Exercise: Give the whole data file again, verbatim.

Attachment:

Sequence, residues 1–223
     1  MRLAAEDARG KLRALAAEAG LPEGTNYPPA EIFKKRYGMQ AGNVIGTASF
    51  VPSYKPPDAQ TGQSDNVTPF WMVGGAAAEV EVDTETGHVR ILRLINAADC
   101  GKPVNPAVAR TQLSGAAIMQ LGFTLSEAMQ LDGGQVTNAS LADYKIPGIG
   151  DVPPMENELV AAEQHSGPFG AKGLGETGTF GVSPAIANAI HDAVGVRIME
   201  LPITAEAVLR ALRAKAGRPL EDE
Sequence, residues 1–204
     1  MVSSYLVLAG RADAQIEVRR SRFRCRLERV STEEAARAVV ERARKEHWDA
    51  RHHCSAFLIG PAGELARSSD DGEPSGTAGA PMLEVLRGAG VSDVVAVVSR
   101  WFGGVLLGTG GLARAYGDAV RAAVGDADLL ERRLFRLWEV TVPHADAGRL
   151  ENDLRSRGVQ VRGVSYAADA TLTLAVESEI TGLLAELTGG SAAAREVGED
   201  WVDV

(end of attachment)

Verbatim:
Sequence, residues 1–223
     1  MRLAAEDARG KLRALAAEAG LPEGTNYPPA EIFKKRYGMQ AGNVIGTASF
    51  VPSYKPPDAQ TGQSDNVTPF WMVGGAAAEV EVDTETGHVR ILRLINAADC
   101  GKPVNPAVAR TQLSGAAIMQ LGFTLSEAMQ LDGGQVTNAS LADYKIPGIG
   151  DVPPMENELV AAEQHSGPFG AKGLGETGTF GVSPAIANAI HDAVGVRIME
   201  LPITAEAVLR ALRAKAGRPL EDE
Sequence, residues 1–204
     1  MVSSYLVLAG RADAQIEVRR SRFRCRLERV STEEAARAVV ERARKEHWDA
    51  RHHCSAFLIG PAGELARSSD DGEPSGTAGA PMLEVLRGAG VSDVVAVVSR
   101  WFGGVLLGTG GLARAYGDAV RAAVGDADLL ERRLFRLWEV TVPHADAGRL
   151  ENDLRSRGVQ VRGVSYAADA TLTLAVESEI TGLLAELTGG SAAAREVGED
   201  WVDV